Why Some Worship Leaders Should Just Quit

Why Some Worship Leaders Should Just Quit

Christianity Today recently published an article indicating that nearly one-fourth of all active ministers have been forced out at some point in their ministry. These termination statistics remind us that the choice to stay is not always ours to make.

But what if we are or aren’t doing some things that are contributing to an early ministry departure? Aren’t we called to do everything we can possibly do here instead of just hoping it will be different when we move there?

Relational—rather than musical—deficiencies seem to be at the root of many forced worship leader terminations. And yet, most worship leaders spend the majority of their time just trying to improve themselves musically. The reality is we can never learn and teach enough new songs to make up for relationship and leadership failures.

So it’s time to quit doing or not doing those things that might be contributing to your discontent or the discontent of those to whom you are accountable.

Quit…

  • Coming in late and leaving early.
  • Blaming others when you drop the ball.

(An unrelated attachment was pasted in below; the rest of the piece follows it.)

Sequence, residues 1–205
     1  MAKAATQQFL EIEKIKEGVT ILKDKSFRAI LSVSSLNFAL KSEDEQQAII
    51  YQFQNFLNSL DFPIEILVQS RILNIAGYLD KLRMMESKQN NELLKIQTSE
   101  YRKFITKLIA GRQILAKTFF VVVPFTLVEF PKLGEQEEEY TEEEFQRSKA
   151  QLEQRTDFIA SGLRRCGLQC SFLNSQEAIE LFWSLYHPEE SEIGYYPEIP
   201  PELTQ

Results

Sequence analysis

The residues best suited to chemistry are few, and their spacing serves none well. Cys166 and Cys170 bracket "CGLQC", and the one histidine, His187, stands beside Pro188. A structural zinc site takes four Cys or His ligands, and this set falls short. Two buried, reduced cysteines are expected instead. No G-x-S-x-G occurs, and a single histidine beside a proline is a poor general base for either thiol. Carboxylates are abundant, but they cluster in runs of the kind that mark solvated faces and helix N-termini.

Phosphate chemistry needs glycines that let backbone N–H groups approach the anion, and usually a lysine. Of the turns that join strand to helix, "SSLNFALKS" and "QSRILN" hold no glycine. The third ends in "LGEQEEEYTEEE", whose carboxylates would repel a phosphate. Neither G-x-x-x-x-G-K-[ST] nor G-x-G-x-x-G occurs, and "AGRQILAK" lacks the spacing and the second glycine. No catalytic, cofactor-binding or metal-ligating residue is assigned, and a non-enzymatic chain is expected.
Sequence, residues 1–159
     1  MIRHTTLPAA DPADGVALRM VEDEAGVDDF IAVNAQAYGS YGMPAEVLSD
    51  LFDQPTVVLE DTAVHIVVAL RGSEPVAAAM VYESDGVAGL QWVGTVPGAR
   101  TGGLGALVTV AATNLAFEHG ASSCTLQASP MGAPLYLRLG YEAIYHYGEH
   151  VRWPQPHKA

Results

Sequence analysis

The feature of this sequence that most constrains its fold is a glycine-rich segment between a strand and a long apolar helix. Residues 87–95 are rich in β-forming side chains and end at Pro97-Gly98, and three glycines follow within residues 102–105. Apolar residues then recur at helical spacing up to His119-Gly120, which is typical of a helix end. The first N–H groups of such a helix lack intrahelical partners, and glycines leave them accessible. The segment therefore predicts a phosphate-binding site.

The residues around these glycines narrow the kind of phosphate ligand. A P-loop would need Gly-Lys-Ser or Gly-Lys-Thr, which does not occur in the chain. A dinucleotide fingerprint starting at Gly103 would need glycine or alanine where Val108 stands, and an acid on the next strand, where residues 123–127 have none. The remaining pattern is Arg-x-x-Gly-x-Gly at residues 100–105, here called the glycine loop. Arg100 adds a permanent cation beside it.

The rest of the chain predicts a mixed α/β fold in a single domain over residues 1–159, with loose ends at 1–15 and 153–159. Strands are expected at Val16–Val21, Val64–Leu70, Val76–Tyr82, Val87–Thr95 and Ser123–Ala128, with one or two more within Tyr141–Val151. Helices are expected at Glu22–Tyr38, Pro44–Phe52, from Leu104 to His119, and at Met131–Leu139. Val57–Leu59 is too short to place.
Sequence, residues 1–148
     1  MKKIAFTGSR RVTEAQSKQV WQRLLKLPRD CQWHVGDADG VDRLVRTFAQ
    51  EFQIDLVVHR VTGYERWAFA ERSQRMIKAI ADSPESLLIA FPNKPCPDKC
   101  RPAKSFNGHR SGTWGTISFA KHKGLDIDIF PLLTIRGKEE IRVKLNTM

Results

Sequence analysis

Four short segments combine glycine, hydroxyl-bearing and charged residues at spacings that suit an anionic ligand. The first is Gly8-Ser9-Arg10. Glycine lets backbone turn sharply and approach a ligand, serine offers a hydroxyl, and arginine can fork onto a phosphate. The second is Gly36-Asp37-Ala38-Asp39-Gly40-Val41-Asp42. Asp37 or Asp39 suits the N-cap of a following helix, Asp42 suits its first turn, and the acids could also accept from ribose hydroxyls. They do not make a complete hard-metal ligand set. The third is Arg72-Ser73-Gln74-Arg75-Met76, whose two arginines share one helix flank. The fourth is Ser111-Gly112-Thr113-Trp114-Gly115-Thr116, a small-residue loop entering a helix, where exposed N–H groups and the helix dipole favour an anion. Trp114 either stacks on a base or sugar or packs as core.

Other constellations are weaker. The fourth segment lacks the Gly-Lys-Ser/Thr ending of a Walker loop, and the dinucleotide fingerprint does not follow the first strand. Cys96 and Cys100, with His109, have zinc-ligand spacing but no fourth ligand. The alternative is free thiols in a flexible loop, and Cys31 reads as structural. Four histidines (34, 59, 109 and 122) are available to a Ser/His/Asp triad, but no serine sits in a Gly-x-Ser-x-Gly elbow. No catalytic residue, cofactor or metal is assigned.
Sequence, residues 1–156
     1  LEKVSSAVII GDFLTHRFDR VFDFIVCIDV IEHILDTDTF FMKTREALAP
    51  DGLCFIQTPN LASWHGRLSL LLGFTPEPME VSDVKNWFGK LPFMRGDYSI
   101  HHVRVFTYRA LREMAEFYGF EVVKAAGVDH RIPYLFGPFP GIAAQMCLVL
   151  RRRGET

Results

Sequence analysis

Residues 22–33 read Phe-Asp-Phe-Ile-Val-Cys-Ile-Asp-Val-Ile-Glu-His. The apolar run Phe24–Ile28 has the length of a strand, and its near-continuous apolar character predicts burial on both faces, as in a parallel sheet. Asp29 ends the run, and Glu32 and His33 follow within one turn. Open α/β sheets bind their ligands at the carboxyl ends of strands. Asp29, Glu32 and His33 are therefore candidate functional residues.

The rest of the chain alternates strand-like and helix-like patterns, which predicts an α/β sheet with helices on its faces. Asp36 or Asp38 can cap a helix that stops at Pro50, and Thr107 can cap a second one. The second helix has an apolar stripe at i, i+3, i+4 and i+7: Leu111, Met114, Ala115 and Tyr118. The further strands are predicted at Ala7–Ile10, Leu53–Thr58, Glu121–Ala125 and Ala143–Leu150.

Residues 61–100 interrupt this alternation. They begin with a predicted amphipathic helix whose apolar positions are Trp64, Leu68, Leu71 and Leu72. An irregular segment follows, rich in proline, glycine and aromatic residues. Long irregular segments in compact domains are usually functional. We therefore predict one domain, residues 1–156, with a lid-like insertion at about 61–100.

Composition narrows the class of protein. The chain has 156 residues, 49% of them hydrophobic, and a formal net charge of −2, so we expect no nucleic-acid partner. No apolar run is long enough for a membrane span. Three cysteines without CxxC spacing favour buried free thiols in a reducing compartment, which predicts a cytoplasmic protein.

• Using artistry as an excuse for laziness.
  • Depending on music alone to fix relationships.
  • Assuming all problems began somewhere else.
  • Trying to pastor from the platform alone.
  • Looking for shortcuts or excuses and pay the rent.
  • Coasting at the beginning of the week and scrambling at the end.
  • Coming to rehearsals and meetings unprepared.
  • Trying to make changes without seeking buy-in.
  • Expecting others to change first.
  • Viewing relationships as artistic interruptions.
  • Holding volunteers to a bar you aren’t trying to reach.

This article originally appeared here.

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David Manner
Dr. David W. Manner serves as the Associate Executive Director for Kansas-Nebraska Convention of Southern Baptists with responsibilities in the areas of Worship, Leadership and Administration.